Sunday, 4 May 2008

Gordon In The Brown Stuff

Mummy, who is that man slumped crying in the corner?
Why, That's Gordon Brown dear, he runs the country.
He looks sad. Why is he crying Mummy?
Well, you see dear, he waited 10 years to take over from his old boss and you remember that bad word that i called your Uncle John?
The one that began with T and sounds like BossBot?
Yes, well it turns out that everyone thinks Gordon is an even bigger one than his old boss.
But why Mummy?
Lots of reasons sweetie.
Mummy, is it because he is implicit in the debacles in Iraq and Afghanistan, cut the 10% rate which means the rich pay less tax while those on lower incomes pay more, the high price of petrol and the impending 2% tax rise pencilled in for Autumn, the credit crunch, Northern Rock, the swathe of public service strikes threatening the country and a perceived lack of any leadership qualities whatsoever?
Yes dear.
And because he looks grumpy and miserable all the time?
I imagine some people don't like that honey.
So mummy, does that mean Mr Cameron from the Conservatives is going to move into Mr Browns house soon?
I'm afraid so dear. After Labour lost so badly in the local elections it seems the country is sending a strong message that the Labour Party is a dying duck just waiting to be put out of its misery.
Is that nice Mr Cameron going to better than that nasty Mr Brown mummy?
Probably not sweetie, the Conservative Party are even worse but people are just fed up with Labour and their wars, lies and spin.
Gordon is still crying Mummy. Can i go and kick him?
Sure you can darling, then maybe we will stop at McDonald's on the way home. No darling, don't kick him there, aim for between the legs. That's it. Good shot.


Cody Bones said...

Did the entire population of the U.K pick up a copy of Conscience of a Conservative by Barry Goldwater?

effay said...

That's what I was after.

Noah "Nog" M. said...

The Thatcherite wing isn't that bad.

Cheezy said...

"Did the entire population of the U.K pick up a copy of Conscience of a Conservative by Barry Goldwater?"

Doubtful, Cody. This is just the inevitable Tory swing that you get after a few years of Labour government (particularly when it's coinciding with adverse macro-economic conditions).

And, after a few years, give or take, of Tory acendancy, you get the swing back to Labour (and people won't be reading Das Kapital when that happens).

Such is the way in a two-party state. It's a bit boring actually.

Lucy said...

As Cheezy said, it does get a bit boring especially as there is very little to choose between the two now although i do think that Blair & Iraq was what began the rot and accelerated the Labour parties downfall to at least one General Election earlier than they would have gone otherwise.

Cody Bones said...

Oh, I know Cheezy, I just like ascribing conservative trends to people being better educated, and "left wing" trends as to the boredom of the electorate, (ducks quickly behind John Wayne"s horse)

Cheezy said...

Oh I'm not saying people aren't generally better educated after 11 years of Labour, Cody. I think they probably are :)

However voting behaviour is a massively complex thing - entire courses of study are given over to it - and being 'educated' plays is only a strand in the overall 'rope'.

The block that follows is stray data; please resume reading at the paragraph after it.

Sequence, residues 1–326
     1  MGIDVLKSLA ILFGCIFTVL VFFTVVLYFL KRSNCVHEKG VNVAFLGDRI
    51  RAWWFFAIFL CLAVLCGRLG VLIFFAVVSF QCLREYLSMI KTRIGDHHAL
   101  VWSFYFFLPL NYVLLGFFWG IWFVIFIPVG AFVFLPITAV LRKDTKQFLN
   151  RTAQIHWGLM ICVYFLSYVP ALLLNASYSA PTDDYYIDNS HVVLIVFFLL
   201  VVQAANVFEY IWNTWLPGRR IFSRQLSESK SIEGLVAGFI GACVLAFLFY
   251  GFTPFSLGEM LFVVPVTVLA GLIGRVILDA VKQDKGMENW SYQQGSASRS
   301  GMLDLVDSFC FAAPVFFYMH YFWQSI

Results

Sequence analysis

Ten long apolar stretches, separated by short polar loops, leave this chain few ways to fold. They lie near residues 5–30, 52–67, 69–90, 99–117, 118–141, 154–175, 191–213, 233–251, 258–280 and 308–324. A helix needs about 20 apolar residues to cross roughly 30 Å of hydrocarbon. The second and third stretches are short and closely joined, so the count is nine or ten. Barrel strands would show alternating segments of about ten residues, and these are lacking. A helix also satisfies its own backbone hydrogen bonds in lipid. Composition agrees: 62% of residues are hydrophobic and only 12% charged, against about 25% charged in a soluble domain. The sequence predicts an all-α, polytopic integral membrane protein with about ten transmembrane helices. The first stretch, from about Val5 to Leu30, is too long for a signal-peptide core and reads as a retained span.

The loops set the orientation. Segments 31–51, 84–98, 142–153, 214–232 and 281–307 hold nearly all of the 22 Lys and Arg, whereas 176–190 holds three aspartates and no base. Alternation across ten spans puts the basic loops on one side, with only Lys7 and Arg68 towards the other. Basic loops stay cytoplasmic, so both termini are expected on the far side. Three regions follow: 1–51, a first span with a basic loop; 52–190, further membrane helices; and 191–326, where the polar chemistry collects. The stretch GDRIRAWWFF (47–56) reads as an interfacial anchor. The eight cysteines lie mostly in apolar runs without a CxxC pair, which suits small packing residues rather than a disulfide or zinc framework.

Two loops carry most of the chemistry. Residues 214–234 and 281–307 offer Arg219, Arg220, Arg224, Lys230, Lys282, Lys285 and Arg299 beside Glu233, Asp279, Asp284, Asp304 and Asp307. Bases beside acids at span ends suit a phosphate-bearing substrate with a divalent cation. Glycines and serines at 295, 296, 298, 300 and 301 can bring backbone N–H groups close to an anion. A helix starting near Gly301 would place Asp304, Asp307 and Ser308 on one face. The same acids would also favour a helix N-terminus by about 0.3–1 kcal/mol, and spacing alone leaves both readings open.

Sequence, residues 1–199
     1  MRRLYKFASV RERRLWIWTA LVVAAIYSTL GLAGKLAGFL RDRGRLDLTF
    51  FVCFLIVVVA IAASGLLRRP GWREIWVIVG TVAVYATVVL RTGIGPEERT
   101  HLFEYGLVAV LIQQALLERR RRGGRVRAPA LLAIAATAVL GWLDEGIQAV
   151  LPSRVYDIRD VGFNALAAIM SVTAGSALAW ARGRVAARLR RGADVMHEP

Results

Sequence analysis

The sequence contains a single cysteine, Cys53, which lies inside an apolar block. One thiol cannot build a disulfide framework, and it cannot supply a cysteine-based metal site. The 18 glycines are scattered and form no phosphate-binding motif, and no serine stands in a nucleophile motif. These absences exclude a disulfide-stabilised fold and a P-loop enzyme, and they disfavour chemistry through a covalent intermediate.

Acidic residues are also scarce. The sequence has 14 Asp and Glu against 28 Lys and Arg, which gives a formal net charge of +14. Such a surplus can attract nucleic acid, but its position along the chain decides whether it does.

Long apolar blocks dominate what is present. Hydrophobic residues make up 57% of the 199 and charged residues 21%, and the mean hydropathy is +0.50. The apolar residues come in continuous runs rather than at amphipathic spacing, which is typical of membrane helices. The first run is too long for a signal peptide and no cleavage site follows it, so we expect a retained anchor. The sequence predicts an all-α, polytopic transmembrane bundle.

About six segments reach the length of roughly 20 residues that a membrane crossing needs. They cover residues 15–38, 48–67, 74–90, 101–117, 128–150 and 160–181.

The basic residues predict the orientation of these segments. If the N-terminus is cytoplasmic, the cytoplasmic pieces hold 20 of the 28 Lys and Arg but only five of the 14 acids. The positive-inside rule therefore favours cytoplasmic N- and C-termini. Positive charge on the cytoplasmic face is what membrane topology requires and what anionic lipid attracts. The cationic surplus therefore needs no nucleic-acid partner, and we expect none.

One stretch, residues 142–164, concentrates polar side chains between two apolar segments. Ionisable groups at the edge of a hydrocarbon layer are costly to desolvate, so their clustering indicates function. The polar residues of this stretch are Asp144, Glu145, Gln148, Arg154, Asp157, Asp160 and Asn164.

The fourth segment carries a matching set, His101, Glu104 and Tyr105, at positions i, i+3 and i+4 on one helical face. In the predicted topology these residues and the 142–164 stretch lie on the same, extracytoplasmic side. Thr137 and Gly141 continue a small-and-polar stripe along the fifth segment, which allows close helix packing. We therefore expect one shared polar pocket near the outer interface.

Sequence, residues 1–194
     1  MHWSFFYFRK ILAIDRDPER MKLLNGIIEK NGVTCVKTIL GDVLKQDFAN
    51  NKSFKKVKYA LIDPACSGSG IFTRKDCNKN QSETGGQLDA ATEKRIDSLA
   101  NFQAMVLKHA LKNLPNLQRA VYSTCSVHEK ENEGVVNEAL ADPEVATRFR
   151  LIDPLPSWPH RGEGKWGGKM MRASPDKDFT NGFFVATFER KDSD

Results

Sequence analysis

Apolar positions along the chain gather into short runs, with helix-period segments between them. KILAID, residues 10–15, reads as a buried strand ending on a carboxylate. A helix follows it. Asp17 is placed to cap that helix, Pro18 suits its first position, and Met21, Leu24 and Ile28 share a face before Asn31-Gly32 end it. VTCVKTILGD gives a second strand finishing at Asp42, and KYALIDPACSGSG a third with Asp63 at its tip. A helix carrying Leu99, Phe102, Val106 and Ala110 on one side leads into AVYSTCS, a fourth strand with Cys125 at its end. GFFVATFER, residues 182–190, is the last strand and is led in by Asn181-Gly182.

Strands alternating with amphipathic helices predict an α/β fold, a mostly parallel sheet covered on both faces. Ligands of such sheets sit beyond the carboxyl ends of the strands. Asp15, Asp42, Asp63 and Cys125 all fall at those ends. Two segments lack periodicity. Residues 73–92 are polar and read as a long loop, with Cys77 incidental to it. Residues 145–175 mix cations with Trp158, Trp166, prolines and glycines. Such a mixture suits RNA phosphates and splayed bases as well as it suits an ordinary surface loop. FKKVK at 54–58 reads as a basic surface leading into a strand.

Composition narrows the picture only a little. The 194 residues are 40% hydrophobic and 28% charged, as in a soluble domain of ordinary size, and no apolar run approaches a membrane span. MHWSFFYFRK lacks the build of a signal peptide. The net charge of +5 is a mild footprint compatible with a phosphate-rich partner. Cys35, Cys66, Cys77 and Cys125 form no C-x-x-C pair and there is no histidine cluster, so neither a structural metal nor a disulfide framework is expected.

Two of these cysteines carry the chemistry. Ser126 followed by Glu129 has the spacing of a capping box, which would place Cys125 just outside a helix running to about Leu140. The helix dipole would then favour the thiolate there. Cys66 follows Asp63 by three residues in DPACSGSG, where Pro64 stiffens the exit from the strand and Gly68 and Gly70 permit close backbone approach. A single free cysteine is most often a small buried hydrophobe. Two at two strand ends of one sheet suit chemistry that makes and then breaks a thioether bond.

You raise an interesting point about whether there's been a 'sea change' in British politics - I agree. However I think it's actually gone the other way. In 2005 the Tories contested an election on a hard-ish centre-right platform and got thoroughly beaten again - a particularly chastening experience seeing that Tony Blair could not have been more personally unpopular at the time (which was 90% due to the Iraq thing).

Of particular influence during this election was the belief that the Tories were going to dismantle/privatise the NHS, which amounted to electoral suicide.

Since then - and the inception of David Cameron as leader - they've moved to the left (in rhetoric if not yet in specifics), which is a tacit admission that Labour (despite themselves being moved to the right back in the 90s as a result of the Thatcherite 'revolution'), have now been successful in moving the 'centre-ground' somewhat to the left, which is where the Tories are now contesting (successfully, going by the results of the recent local body election) for votes.

So I think there has been a subtle shift in the electorate over the past 10-15 years, but I feel it's gone slightly the other way.

Going by this same pattern though, I predict that, when they regain power (whenever that is) the Tories will attempt to govern somewhat to the right of where they campaign... this may well signify another 'ebb and flow' in the tide of UK politics. Yawn! ;-)

ZenYenta said...

I guess "kick the bums out" seems like the only recourse for an electorate from time to time. I really thought that your system wasn't as tied to just two parties as ours is, though. We can't realistically float a third party as long as we hold elections the way we do and changing that is probably a near impossibility. I thought your system was the one we would have had if we'd thought things out a little more.

Living and learning here.

Lucy said...

We are really a three party system zenyata. Conservaties, Labour and Lib Dems but in reality only the first two have any chance of ever being elected.

Cody, your words have ignited something in my mind that was said many years ago and caused much huffing and swearing from the right side, if i can dig it out and rewrite it i will post it later but i have to warn you, anyone right leaning isn't going to like it.